Archaeologists Seek Clues to Central Park Settlement Founded by Free Blacks
Archaeologists are digging with electronic fingers into the soil of Central Park to learn more about Seneca Village, a vanished 19th-century settlement of poor folks — Blacks, Irish immigrants and others — that existed before the park landscapers arrived in the 1850s.
A team of scientists from Barnard College and City College of New York launched the two-day effort last week, using ground-penetrating radar to probe selected areas of the site that once covered roughly two blocks and was home to as many as 260 people.
The radar, or GPR, transmits ultra high-frequency radio impulses into the ground that are reflected back by buried objects or differences in rock density to form a digital image on a screen, without any physical disturbance of the site. Pulling the wheeled device along like a little red wagon, a GPR technician can probe as far as 15 feet (4.5 meters) below the surface.
The five-acre (2-hectare) site that was the heart of the village was previously probed last fall, when 100 core-sample borings down to three inches (eight centimeters) recovered pieces of ceramics, glass, pipe stems and other items reflective of daily life of the time, and narrowed the area to be examined further.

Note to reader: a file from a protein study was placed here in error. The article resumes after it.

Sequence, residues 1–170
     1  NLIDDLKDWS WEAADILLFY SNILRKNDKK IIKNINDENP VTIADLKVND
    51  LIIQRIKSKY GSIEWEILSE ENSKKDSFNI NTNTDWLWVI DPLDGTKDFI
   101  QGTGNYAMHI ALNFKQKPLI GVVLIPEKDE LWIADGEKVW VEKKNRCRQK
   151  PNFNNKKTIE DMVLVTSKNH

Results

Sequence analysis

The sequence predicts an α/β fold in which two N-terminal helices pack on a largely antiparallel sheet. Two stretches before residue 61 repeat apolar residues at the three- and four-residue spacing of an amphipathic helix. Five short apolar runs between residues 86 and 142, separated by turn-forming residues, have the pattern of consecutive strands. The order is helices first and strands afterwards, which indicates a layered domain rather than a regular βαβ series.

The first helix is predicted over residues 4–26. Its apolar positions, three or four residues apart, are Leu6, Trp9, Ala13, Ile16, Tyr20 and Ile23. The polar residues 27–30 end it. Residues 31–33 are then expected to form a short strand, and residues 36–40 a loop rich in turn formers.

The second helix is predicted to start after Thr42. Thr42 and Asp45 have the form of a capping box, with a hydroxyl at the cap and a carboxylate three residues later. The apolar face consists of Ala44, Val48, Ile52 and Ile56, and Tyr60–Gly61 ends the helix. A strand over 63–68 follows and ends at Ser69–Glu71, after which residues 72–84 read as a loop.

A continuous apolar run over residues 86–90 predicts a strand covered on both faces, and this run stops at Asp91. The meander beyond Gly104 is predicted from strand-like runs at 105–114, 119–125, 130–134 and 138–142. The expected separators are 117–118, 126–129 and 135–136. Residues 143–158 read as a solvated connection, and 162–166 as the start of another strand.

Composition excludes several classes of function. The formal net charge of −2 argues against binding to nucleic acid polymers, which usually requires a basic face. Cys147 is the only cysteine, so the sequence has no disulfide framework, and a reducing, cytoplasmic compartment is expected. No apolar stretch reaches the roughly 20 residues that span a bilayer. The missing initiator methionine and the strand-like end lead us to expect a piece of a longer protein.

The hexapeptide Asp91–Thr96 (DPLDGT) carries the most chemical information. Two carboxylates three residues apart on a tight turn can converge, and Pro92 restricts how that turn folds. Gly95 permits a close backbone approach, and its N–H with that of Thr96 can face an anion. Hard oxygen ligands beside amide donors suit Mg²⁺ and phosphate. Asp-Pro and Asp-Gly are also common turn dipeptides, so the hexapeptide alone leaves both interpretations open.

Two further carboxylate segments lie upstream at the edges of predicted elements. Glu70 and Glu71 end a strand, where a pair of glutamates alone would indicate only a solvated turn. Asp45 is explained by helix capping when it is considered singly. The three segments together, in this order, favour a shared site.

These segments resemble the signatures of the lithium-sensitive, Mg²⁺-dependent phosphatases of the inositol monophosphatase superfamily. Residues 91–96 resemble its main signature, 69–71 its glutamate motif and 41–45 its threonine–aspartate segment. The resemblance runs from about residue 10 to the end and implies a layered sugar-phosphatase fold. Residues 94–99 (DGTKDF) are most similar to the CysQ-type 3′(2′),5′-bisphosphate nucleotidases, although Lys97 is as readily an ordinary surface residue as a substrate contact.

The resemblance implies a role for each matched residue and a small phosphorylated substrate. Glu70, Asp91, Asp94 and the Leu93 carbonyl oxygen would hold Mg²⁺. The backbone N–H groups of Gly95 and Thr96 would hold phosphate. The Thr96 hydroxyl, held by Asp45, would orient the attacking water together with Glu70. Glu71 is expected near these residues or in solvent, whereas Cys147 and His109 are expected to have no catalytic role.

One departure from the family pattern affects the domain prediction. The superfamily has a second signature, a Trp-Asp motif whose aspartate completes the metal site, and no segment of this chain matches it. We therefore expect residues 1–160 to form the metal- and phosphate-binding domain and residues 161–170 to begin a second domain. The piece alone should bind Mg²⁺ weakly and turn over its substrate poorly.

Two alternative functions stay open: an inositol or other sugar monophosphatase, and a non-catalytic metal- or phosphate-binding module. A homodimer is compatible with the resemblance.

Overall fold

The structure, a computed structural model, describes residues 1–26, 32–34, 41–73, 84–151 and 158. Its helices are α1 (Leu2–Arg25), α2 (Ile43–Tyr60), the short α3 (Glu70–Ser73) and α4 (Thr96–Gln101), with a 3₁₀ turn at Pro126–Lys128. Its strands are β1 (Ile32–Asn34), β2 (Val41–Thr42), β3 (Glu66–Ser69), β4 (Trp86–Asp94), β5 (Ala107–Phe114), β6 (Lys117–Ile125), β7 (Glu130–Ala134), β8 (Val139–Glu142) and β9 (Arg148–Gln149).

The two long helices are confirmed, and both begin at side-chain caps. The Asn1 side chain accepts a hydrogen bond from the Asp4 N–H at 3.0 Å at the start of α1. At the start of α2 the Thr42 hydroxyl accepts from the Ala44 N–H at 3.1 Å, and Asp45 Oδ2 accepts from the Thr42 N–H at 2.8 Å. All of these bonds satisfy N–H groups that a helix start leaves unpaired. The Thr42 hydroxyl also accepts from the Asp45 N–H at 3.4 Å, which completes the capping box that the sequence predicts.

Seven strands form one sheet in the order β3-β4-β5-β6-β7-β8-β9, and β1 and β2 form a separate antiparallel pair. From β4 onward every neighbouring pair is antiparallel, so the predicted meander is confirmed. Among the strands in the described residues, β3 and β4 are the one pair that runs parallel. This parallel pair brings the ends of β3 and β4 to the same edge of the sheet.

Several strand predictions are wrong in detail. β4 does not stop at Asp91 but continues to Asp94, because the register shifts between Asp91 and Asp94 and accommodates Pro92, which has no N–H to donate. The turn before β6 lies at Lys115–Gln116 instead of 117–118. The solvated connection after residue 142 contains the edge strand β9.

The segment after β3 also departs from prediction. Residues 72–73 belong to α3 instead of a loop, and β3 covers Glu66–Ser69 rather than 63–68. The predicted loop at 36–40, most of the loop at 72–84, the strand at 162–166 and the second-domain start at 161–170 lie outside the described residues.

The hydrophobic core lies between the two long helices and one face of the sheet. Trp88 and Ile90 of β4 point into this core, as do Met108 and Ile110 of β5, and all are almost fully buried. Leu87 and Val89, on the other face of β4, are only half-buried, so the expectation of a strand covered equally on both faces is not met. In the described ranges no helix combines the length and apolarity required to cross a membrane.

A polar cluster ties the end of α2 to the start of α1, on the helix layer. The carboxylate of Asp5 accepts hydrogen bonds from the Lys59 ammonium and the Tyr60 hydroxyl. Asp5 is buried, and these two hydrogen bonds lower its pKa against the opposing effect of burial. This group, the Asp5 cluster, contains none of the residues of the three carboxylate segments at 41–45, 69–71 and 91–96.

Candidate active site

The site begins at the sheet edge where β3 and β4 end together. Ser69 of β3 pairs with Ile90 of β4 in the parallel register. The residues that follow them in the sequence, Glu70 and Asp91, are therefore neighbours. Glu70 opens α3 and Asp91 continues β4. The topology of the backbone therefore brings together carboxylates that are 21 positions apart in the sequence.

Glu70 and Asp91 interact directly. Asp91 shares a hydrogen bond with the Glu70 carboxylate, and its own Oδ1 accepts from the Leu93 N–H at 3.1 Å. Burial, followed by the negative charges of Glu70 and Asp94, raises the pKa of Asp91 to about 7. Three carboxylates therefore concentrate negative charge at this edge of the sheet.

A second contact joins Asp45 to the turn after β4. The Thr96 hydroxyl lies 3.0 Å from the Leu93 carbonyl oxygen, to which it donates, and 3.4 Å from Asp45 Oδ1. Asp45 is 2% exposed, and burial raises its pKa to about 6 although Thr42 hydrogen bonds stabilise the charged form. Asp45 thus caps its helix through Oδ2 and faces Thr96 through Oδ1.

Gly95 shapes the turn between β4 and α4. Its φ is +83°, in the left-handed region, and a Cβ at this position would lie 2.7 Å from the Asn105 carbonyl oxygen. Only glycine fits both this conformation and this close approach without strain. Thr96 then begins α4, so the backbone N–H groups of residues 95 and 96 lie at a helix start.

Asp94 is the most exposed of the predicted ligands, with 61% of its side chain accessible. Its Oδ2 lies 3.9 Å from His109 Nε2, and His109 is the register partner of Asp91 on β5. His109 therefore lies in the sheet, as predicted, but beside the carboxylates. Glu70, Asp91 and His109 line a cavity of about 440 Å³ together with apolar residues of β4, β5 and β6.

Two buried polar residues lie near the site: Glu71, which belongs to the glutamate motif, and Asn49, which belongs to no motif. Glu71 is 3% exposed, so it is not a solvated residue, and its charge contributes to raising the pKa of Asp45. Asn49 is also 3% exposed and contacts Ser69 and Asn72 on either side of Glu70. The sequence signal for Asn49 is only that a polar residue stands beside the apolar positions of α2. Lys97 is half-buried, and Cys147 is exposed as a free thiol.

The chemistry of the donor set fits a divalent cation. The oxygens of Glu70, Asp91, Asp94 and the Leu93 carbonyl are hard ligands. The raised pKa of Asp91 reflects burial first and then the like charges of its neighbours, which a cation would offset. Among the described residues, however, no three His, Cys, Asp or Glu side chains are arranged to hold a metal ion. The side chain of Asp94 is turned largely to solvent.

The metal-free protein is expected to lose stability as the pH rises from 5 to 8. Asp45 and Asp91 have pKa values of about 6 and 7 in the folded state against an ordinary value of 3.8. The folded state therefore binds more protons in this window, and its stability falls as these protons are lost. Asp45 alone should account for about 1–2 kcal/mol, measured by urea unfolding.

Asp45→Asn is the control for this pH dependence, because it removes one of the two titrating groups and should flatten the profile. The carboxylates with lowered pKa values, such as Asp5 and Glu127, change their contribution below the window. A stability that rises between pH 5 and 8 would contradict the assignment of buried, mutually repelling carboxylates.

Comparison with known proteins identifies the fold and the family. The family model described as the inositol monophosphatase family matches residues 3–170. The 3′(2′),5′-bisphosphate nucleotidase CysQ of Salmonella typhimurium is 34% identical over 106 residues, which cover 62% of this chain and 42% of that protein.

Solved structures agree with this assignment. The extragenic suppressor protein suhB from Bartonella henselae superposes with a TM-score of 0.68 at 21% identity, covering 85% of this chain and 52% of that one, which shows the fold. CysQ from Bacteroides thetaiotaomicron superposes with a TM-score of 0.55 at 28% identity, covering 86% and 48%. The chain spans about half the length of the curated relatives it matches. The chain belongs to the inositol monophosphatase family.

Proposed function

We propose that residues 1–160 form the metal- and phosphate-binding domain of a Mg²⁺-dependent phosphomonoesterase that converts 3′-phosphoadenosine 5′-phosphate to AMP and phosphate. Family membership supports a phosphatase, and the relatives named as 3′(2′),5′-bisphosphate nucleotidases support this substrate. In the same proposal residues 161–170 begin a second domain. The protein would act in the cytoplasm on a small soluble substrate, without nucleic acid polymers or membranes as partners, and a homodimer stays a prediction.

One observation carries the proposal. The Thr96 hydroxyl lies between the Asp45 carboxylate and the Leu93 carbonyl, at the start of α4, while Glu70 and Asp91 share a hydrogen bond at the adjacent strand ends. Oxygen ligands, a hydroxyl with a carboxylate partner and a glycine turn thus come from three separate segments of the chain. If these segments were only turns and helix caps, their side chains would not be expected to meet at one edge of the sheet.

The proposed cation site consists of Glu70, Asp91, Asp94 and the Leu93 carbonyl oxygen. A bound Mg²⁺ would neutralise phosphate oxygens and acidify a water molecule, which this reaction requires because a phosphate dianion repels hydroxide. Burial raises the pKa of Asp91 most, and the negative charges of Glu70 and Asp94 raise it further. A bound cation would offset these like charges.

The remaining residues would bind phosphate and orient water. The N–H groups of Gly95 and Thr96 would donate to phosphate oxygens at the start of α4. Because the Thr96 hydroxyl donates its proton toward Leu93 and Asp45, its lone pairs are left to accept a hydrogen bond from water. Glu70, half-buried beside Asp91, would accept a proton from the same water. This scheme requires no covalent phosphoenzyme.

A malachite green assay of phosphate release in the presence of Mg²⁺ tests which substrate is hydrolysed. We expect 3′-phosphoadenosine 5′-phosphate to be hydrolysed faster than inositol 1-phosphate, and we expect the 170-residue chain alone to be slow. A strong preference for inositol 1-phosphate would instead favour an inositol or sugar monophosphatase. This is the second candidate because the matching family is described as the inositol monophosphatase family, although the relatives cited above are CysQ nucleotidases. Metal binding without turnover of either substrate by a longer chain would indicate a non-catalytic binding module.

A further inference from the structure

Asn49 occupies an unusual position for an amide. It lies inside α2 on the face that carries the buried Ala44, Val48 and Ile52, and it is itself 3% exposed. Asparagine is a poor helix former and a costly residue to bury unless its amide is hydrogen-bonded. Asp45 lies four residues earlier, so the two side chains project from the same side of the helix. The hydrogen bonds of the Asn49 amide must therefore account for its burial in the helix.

“We are trying to get a sense of how people lived in what was really a middle class African-American settlement of the mid-19th century,” said Nan Rothschild, a Barnard archaeologist and co-director of the project, as the GPR equipment surveyed an area marked off in a grid with white tape. The project is sponsored by the schools.
She said any decisions to physically excavate the site would be based on what the radar discovered.
“Seneca Village has always been a part of the history of the park, and we are always interested in more information, but that is far down the road,” said Linda Blumberg, vice president for communications at the Central Park Conservancy, which manages the park.
The “noninvasive” GPR technology has been used in recent years in many archaeological explorations around the globe, including Port Royal, Jamaica, destroyed by a 1692 earthquake, lost cemeteries and battlefields of various wars. The U.S. military uses it in MIA crash site searches in Indochina, and ground-penetrating radar also has been used to locate buried land mines.
Often described as one of several “squatters camps” of huts and shacks that were displaced by the building of Central Park, Seneca Village actually was a more permanent and well-ordered community, with three churches, a school and some inhabitants who owned their property, experts now say.
Although founded by free Blacks, it later became a multiethnic settlement that included Irish and German immigrants and possibly some American Indians, according to various historical sources.
— Associated Press
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